View oral history video interviews with thousands of historically significant African Americans in the arts, business, education,entertainment, law, the military, politics, sports, religion, science, and medicine.
Search for primary source materials on the freedom movement from governmental, organizational and personal perspectives. Note: Check the boxes for Black Freedom Struggle modules on the main search screen
"238 oral history interviews conducted by project participants in the years 1973-1978 and 1992. The majority of the oral history interviews deal with the civil rights movement in North Carolina, especially Durham, Chapel Hill, and Greensboro. Additionally, thirteen interviews deal with the Tulsa Race Riots, and fourteen interviews cover miscellaneous North Carolina topics."
"The Behind the Veil Oral History Project was undertaken by Duke University's Lyndhurst Center for Documentary Studies in 1990. It seeks to record and preserve the living memory of African-American life during the age of legal segregation in the American South, from the 1890s to the 1950."
Collections Outside Duke
Explore these examples of African American oral history collections available outside Duke. Use the Search Tips on this guide to identify additional collections.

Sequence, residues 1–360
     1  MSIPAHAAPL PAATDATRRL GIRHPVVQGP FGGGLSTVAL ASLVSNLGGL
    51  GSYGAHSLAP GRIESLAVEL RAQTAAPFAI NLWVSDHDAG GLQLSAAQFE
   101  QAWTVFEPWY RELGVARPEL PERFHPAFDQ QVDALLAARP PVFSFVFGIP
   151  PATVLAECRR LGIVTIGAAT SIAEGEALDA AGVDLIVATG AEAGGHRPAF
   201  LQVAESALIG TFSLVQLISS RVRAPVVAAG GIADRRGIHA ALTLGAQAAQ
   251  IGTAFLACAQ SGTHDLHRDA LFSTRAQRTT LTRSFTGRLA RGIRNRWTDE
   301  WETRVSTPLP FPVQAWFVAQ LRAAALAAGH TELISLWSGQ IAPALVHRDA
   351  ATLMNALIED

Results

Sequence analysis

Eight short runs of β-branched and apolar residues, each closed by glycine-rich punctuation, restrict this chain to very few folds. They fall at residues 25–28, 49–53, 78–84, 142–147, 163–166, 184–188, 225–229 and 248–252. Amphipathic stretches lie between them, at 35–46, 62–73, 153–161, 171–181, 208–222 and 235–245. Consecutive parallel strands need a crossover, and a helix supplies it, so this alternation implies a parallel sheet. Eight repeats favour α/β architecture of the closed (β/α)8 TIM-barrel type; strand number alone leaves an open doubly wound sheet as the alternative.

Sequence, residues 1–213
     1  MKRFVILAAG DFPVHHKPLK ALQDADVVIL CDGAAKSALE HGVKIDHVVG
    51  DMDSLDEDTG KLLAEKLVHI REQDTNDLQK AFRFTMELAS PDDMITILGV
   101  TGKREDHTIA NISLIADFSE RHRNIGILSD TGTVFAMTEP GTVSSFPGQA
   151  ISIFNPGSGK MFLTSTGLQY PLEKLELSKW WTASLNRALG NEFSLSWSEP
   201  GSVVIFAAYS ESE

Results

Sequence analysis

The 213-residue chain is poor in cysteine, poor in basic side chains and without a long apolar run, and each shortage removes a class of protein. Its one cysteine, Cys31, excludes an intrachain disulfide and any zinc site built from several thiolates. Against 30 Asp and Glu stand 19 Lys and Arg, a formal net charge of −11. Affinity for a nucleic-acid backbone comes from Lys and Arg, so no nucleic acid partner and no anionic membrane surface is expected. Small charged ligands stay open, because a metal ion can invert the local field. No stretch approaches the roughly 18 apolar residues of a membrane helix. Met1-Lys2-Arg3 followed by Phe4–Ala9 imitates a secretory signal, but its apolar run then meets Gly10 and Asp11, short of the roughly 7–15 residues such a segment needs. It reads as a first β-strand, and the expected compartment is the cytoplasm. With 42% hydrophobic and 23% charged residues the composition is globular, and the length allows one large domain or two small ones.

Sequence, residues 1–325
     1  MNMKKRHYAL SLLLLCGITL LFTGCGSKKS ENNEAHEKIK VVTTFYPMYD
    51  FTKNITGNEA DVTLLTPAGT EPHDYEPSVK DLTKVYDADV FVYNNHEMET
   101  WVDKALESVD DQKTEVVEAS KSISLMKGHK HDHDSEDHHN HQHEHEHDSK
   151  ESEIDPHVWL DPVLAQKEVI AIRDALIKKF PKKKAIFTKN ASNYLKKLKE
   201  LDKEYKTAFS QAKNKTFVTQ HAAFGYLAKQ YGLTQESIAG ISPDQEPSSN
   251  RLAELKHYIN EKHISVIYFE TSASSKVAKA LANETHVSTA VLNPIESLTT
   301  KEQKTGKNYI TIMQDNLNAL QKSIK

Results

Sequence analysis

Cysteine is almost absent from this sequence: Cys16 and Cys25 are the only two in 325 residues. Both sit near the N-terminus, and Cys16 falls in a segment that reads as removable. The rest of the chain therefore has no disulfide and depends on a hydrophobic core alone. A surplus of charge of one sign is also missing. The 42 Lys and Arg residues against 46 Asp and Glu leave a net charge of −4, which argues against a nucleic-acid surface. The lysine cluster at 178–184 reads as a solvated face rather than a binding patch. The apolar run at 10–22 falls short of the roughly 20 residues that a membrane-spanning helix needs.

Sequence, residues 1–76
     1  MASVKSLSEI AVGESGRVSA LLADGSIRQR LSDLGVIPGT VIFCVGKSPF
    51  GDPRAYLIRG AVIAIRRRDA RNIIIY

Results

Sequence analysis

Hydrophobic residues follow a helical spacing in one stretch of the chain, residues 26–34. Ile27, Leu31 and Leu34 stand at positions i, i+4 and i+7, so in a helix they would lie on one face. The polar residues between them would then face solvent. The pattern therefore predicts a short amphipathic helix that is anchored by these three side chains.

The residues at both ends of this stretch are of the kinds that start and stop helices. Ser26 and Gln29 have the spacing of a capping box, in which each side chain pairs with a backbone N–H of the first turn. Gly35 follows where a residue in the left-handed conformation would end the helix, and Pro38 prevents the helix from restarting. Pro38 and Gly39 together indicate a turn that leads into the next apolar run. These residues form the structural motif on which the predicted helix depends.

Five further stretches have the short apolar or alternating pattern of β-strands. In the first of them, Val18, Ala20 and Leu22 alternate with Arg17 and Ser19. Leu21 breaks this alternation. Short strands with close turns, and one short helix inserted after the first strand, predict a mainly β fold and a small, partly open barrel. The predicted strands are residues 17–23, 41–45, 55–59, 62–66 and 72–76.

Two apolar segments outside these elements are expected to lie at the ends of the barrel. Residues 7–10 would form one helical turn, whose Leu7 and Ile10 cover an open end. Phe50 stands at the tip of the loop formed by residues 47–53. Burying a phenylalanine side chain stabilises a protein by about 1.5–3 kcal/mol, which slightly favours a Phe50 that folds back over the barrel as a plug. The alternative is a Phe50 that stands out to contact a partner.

"The Southern Oral History Program Interview Database provides detailed descriptions of interviews in the Southern Oral History Program Collection (04007). The interviews in this collection were conducted or collected under the auspices of the Southern Oral History Program in the Center for the Study of the American South at the University of North Carolina at Chapel Hill."
"The recordings of former slaves in Voices Remembering Slavery: Freed People Tell Their Stories took place between 1932 and 1975 in nine states. Twenty-three interviewees discuss how they felt about slavery, slaveholders, coercion of slaves, their families, and freedom." (Library of Congress)